Developing a vision
How to successfully guide the development by creating a clear vision for your garden community.
To inform and support delivery of a garden community, you need to create a coherent, holistic and ambitious vision.
This establishes the kind of place and community to be created and will guide development of detailed proposals.
Developing a vision
An effective vision sets out the main components, characteristics and qualities of the garden community. It also addresses the environmental, social and economic objectives.
Your vision should be flexible enough to be tested and refined through the course of the project - as more detailed assessments are done and new information becomes known.
It should be developed at the start of the planning process. This will shape development of relevant planning policy and negotiations with stakeholders.
You should encourage participation of stakeholders from the start of your project, these include:
- local community
- decision makers in local authorities and statutory undertakers
- potential developers
Defining important garden community objectives
You can find advice on the characteristics and place-making aspects of a garden community on these websites.
- read the TCPA Garden city principles on the tcpa.org website
- read the Garden Communities prospectus 2018 on the GOV.UK website
When drafting a vision, think about how the following are addressed:
- what the role and function of the garden community will be in the local context and what mix of uses and housing tenures will ensure it will be economically, socially and environmentally successful
- what land uses and components does it include to meet the day-to-day needs of local residents and prioritise sustainable modes of transport
- how it can be designed to be locally distinctive. For example, the opportunities provided by local landscape, heritage, green infrastructure, local economic drivers
- how it adapts to climate change, changes in demography, evolution of technological opportunities, changes in working patterns and other behaviour
- how the long-term stewardship and governance of community assets will be managed and funded
Analyse the local environment and place to identify locally distinctive factors which can inform a garden community’s unique selling point and make it an attractive proposition for residents and businesses.
Distinct features can include:
- natural/ geographical features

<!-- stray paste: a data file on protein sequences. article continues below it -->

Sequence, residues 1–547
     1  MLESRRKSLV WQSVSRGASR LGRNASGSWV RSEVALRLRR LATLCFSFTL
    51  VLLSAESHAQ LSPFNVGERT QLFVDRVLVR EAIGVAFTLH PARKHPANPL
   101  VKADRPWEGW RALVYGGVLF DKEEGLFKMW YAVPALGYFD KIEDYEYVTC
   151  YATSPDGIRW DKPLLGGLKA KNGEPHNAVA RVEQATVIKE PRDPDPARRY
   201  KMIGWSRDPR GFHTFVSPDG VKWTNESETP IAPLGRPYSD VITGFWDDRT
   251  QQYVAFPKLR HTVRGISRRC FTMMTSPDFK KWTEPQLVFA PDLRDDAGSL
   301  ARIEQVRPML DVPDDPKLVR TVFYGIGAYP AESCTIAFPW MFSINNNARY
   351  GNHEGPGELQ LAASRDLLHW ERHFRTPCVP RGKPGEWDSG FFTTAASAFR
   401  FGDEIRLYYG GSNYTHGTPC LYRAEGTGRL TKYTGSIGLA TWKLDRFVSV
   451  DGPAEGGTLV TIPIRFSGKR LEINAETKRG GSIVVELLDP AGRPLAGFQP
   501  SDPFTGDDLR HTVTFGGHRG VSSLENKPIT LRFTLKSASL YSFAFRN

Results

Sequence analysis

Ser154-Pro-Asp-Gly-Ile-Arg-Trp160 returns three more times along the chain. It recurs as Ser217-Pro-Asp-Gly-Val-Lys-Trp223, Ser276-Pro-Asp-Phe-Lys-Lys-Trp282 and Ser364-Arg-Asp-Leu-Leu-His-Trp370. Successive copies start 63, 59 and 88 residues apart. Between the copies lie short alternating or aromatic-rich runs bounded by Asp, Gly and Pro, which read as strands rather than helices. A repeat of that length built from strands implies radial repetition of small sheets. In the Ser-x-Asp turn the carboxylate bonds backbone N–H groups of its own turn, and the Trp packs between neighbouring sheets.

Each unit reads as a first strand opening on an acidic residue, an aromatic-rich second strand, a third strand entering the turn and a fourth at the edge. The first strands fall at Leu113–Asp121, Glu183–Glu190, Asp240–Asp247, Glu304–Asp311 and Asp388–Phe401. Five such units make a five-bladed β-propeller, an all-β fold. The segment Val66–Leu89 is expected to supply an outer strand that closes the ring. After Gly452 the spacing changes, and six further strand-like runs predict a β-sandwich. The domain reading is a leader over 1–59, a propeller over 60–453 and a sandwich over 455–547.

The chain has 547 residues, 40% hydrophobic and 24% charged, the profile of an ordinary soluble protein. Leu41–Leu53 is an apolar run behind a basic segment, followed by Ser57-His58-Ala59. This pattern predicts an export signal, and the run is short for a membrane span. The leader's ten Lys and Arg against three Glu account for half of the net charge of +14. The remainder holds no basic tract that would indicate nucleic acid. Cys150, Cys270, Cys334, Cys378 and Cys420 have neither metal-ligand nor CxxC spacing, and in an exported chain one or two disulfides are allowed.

- proximity to important assets
- local housing and demographic needs
- strong local economic sectors such as technology or science
What to include in your vision
Components to include:
- a short written statement setting out the over-arching goal for the garden community
- the series of objectives/ aims it will deliver
- a set of development principles that will facilitate delivery of the objectives
- an early-stage high-level spatial concept plan which provides a strategic overview of the potential spatial distribution of main land uses in the community
- illustrations to provide direction on the aspired quality of the garden community
Who develops the vision
If your garden community proposal comes through a Local Plan process, it’s likely the local authority will take a lead in developing the vision for it.
Responsibility for moving the visioning process forward and recording outputs can vary, so this should be agreed by the main parties at the outset.
Engage the community and stakeholders in the visioning process as part of an overall engagement strategy. This is so participants can understand how their input will be used, and what other opportunities they’ll have to influence and shape the garden community.
- the local community
- elected members
- technical stakeholders
- local interest groups
- landowners and developers
To encourage stakeholders to participate in creating a vision, you can use visioning workshops, charrettes, focus groups and drop-in sessions.
To inform and build consensus around what is unique about a place, it is useful to analyse the local context, built and environmental characteristics, constraints and opportunities available.
Some techniques to structure a visioning session:
- do an analysis of the context looking at the strengths, weaknesses, opportunities and threats that may impact on the garden community
- identify place-specific opportunities, assets and priorities that it may be useful to build on in designing the garden community
- ask what places participants think work well, and why
- develop and test different options for the strategic layout of the garden community
More formal consultation can be used to gain views on a draft vision from a larger number of stakeholders.
This could form part of the Local Plan consultation process if a coordinated approach is adopted - this can limit consultation fatigue.
Garden community charters
Following preparation of a vision, you can develop the main concepts further by creating a garden community charter. This sets out a commitment to deliver on the main components of the garden communities vision.